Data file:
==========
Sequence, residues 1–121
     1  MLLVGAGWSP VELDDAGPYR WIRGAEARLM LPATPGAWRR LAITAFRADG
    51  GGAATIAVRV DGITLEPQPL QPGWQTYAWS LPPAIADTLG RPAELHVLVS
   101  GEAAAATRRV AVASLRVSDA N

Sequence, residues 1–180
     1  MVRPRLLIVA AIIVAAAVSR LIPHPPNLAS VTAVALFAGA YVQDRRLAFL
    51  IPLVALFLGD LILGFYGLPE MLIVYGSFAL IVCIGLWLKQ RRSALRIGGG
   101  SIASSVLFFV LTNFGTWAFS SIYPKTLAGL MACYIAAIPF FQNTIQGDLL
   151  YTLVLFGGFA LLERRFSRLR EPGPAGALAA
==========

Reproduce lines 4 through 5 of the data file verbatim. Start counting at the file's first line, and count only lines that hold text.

   101  GEAAAATRRV AVASLRVSDA N

Sequence, residues 1–180